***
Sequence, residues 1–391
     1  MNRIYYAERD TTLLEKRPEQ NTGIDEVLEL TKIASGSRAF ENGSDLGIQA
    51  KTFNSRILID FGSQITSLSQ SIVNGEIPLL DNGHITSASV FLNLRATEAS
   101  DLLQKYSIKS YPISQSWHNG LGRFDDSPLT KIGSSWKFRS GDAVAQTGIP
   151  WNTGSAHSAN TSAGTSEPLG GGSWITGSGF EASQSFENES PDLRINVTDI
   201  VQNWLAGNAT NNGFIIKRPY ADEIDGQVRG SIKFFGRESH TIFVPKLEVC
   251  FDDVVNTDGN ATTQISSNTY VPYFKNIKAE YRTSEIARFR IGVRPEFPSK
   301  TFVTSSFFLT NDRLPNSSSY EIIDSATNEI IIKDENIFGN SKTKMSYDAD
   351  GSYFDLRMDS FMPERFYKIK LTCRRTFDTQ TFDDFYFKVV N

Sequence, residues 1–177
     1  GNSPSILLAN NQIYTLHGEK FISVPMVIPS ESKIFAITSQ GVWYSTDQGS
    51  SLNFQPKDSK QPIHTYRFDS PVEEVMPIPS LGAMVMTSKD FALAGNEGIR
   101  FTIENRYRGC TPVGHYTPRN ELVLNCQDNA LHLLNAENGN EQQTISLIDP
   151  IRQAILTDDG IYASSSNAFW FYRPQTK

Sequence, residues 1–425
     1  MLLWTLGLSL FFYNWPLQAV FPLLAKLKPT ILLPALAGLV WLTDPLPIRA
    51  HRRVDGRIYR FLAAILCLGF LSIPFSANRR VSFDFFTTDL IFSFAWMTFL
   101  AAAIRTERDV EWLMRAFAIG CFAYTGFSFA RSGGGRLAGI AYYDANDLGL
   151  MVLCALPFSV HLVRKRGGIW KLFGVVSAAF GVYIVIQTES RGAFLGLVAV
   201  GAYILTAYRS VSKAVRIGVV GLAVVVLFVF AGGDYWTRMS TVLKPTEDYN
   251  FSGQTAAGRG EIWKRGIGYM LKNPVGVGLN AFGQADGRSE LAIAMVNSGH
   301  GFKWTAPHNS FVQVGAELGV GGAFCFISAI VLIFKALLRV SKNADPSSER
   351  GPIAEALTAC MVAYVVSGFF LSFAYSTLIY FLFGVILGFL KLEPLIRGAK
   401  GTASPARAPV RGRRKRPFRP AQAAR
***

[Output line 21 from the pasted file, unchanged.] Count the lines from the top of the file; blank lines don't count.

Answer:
   251  FSGQTAAGRG EIWKRGIGYM LKNPVGVGLN AFGQADGRSE LAIAMVNSGH